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This report has been written by Chris Peach (Surgeon representative) and Val Jones (AHP representative) who joined Michael Thomas (former President 2015-2017) on the inaugural Copeland fellowship to South Africa in 2016.

Top ten lessons learnt by the Copeland fellows in South Africa

Val Jones, Chris Peach

The Copeland travelling fellowship afforded us all a great opportunity to learn from and exchange views with our South African colleagues, and on our return we both have been able to disseminate our new ideas to both surgeons and AHP’S regionally and internationally. It was a unique opportunity to observe current concepts and treatment practices in another country, and to observe similarities and differences in practice, which in turn has provoked evaluation of our current practice in the UK.

Our hosts Basil Vrettos and Steve Roche were so generous of their time and their expertise. Every day there were opportunities to exchange ideas via case discussions, theatre and clinic visits, and local and regional clinical meetings, where we had an opportunity to present our current practice and research in the UK to both surgeons and physios. There were also visits to the research facilities including the Biomechanics lab at the University of Cape Town and the “state of the art” Sport Science Institute of South Africa.

Having reflected on our experiences we describe our top 10 lessons we learnt from our fellowship in no particular order.

Gun shot wounds prevail

We were all a little apprehensive when we saw the no guns sign as we entered Groote Schuur and we were dumbstruck after sitting in our first trauma conference. There are over 1000 gunshot wounds seen per annum at Groote Schuur. Key points in gunshot management were that there was no need to remove bullets as lead in bullets is now not an issue and they see no significant infections with retained shrapnel. Bullet removal is only performed if the bullet is adjacent to the fracture being treated or if intra-articular and blocking joint movement. Frightening statistics depict that a teenager admitted with gun shot wound will have a 50 % chance of dying within next 2 years. The registrars we saw in theatre were very accomplished at managing these injuries and their associated comminuted fracture patterns because of their high exposure to this group of patients. An interesting case was fixation of an acromion fracture caused by a gunshot, fixed on the registrar’s trauma list. There were also new phrases to learn community assaults, which was a polite term for a group beating for someone who had broken the law, and Panga attacks, a Panga being a type of machete.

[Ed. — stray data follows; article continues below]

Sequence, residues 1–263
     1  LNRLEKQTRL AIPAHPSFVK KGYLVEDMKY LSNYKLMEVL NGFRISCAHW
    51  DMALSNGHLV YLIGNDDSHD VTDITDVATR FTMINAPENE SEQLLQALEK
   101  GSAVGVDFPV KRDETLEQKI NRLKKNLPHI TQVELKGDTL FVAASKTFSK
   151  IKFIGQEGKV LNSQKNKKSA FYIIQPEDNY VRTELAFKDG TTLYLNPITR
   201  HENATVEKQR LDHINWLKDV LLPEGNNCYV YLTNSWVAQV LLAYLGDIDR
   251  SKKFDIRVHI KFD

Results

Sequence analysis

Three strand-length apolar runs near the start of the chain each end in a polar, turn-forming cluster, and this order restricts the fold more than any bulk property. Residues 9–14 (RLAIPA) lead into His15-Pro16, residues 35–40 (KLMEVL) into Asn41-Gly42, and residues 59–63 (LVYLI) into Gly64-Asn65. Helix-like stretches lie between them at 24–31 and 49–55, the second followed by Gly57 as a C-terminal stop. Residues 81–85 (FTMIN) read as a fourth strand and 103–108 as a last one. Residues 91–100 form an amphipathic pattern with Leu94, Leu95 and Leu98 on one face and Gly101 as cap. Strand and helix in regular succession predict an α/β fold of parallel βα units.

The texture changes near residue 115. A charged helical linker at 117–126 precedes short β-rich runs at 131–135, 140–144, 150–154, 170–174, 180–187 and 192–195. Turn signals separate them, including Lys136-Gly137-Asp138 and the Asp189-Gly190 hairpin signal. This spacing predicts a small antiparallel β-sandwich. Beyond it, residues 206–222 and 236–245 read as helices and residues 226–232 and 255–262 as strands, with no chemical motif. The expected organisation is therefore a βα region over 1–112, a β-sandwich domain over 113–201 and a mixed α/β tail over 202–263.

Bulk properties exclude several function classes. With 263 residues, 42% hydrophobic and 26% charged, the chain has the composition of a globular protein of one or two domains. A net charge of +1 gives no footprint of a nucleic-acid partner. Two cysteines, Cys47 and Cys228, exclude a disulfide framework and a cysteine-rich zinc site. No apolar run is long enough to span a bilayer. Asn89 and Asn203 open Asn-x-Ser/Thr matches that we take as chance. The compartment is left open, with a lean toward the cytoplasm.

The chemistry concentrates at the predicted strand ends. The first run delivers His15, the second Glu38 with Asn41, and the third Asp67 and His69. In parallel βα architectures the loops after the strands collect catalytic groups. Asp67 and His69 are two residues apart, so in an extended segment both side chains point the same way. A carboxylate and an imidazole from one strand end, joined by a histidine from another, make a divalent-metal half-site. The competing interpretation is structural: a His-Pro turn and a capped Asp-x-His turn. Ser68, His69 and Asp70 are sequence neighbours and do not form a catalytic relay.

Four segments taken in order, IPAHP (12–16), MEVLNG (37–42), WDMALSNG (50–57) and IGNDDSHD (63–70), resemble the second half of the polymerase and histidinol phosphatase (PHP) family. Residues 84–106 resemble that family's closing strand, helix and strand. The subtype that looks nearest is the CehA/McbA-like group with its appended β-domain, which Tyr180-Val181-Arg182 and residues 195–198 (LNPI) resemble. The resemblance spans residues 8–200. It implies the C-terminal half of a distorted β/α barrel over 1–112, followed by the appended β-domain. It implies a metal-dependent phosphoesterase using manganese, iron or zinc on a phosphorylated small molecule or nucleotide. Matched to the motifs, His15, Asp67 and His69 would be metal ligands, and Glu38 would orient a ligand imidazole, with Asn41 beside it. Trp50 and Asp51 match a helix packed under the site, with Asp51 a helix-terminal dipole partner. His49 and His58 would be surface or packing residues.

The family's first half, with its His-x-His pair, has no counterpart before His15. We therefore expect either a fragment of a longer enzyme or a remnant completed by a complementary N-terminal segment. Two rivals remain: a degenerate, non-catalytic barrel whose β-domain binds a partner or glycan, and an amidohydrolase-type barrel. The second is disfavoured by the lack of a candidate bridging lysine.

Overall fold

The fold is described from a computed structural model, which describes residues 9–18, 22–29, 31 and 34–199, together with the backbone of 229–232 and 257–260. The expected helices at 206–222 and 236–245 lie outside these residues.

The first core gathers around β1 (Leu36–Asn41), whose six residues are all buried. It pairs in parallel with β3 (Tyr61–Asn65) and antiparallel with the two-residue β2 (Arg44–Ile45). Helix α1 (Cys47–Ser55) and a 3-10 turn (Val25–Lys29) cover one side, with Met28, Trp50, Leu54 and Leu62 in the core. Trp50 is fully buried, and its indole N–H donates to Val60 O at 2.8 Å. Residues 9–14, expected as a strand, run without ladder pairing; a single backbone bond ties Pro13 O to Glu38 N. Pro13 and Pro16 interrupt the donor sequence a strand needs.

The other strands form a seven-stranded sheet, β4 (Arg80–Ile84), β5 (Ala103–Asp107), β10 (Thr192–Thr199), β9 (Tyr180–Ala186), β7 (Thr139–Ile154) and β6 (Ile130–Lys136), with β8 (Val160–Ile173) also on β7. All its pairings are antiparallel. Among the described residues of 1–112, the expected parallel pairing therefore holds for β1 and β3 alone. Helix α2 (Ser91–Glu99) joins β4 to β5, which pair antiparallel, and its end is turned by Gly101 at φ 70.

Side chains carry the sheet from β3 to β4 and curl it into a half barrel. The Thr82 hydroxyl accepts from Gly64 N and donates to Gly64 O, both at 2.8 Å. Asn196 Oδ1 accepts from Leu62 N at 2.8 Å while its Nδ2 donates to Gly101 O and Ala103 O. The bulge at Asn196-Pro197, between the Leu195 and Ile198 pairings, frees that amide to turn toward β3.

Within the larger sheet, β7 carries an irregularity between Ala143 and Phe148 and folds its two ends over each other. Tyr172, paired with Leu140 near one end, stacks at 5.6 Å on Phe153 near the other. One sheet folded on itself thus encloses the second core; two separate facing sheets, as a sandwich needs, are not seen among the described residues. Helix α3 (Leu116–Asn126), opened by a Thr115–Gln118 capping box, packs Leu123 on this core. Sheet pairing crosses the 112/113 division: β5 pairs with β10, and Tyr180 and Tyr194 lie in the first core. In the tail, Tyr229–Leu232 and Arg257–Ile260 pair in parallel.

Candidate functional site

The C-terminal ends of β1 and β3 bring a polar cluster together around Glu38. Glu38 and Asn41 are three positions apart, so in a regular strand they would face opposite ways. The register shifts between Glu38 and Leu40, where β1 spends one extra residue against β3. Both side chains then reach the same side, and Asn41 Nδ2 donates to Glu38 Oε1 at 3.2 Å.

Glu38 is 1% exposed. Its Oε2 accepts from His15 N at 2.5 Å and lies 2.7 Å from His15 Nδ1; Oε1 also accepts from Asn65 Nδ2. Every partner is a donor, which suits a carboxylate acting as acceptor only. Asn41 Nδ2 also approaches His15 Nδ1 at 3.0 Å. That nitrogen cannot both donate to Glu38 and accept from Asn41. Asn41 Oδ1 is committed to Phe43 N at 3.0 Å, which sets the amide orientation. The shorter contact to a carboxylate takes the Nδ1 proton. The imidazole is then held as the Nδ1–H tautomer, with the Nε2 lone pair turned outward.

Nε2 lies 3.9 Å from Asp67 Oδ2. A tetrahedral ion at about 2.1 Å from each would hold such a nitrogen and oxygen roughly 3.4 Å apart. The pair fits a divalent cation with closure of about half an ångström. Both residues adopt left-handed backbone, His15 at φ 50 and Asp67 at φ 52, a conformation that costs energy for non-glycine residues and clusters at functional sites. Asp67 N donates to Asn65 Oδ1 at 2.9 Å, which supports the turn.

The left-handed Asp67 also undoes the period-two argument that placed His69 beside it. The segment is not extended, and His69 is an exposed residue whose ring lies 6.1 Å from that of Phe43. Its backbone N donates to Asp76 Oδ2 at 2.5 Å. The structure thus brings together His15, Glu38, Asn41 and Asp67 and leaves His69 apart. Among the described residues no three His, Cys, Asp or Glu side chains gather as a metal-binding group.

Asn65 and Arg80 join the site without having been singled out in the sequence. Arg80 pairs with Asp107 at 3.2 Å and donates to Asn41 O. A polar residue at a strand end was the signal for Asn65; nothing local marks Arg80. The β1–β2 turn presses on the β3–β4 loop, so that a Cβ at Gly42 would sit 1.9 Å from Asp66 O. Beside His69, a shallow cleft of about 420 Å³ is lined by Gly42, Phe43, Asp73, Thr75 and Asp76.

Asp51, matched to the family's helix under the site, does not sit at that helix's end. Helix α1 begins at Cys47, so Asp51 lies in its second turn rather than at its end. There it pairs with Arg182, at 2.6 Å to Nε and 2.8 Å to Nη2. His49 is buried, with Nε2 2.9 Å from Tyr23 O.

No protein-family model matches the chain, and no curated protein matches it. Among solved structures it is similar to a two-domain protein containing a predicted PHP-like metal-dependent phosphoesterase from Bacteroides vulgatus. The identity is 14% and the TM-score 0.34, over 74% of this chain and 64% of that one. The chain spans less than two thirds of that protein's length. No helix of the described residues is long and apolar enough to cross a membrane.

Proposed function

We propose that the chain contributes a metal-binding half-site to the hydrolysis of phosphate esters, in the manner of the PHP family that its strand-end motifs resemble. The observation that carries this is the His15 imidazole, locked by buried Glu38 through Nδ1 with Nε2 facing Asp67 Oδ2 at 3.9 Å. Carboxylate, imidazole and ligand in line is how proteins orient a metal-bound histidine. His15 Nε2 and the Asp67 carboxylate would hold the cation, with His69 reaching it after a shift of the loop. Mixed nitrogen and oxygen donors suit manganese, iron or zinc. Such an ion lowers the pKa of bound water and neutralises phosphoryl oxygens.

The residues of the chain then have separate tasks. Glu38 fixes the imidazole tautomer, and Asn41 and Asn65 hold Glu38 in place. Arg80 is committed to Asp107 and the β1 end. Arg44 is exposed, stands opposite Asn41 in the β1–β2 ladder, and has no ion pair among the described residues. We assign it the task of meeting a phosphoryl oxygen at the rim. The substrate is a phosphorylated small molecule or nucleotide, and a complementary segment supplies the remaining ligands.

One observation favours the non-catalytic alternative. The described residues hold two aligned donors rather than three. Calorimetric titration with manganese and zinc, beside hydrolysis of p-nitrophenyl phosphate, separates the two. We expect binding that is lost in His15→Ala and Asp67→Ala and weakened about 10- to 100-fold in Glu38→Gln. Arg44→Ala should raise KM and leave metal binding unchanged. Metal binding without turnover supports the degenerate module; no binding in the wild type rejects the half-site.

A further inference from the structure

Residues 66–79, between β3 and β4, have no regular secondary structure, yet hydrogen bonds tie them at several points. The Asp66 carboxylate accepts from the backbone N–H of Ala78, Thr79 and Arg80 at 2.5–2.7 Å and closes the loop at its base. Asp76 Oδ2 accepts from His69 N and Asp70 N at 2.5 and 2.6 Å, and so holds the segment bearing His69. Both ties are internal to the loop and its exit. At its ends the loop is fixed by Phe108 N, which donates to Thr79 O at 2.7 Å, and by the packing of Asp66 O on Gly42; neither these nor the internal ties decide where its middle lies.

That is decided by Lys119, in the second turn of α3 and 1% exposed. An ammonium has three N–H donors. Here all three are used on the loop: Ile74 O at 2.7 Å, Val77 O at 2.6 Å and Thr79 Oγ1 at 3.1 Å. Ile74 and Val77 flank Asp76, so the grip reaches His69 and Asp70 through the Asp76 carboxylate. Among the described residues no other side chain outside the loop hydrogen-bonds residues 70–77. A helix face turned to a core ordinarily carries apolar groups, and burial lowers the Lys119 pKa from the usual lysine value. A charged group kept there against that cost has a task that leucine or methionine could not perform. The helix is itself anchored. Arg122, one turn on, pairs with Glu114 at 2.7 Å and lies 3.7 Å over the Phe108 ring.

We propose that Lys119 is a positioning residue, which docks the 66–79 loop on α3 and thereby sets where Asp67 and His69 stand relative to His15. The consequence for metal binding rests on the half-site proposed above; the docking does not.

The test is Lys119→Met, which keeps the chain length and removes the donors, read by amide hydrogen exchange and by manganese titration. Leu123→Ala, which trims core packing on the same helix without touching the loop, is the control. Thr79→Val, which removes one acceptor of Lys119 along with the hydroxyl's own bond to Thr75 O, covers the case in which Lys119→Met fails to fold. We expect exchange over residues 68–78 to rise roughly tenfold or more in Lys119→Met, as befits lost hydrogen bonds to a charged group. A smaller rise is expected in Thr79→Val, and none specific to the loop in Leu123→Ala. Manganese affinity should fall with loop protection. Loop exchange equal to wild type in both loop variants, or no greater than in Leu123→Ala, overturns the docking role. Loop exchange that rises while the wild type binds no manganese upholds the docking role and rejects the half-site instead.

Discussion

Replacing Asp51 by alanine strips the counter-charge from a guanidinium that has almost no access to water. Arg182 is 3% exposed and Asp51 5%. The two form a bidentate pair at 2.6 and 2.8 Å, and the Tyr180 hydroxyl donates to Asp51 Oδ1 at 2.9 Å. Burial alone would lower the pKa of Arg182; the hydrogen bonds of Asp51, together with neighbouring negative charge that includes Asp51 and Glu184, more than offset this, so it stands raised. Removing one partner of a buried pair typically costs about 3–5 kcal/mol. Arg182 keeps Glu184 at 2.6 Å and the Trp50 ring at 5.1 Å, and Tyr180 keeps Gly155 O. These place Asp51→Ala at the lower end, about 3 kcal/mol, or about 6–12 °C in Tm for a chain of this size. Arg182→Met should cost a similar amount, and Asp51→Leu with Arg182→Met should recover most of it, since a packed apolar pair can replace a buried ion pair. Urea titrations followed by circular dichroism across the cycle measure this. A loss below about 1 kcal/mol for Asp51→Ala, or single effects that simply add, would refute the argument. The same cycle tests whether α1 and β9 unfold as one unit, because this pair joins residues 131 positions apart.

Frozen shoulders are left out in the cold with most surgeons we saw

Supervised neglect was the order of the day, which was at odds with the views of the British contingent. All of us Brits sang from the same hymn sheet on this one, extolling the benefits of active intervention including capsular releases. But this reflects that they are so stretched in terms of resource and manpower that with a favourable natural history, there was no availability for early intervention. However, unlike the UK, ruling our TB which can present like a frozen shoulder was necessary and if detected a difficult one to treat. TB is an increasingly challenging problem in South Africa with both multi-drug resistant TB and ‘extremely’ multi-drug resistant TB being endemic.

The Latarjet procedure was the procedure of choice with rugby players with instability

It was evident that this is a high volume procedure and possibly because of experience, the surgeons were happy to mobilise immediately post operatively and sent home the patients without slings. Surgical tips for successful surgery included using a Cobb elevator to divide subscapularis (actually the Cobb elevator was used by most surgeons for most operations and Chris has now rescued several from the old spinal trays for the shoulder and elbow trays in Manchester). Those who find this procedure difficult due to exposure should note that the top technical tip was to use a Fukuda and a glenoid neck retractor only to expose the glenoid and take all other soft tissue retractors out when fixing the bone block. This clearly demonstrated a fine approach to the technique and has benefitted Chris’ patients already with better exposure and reduced operative time.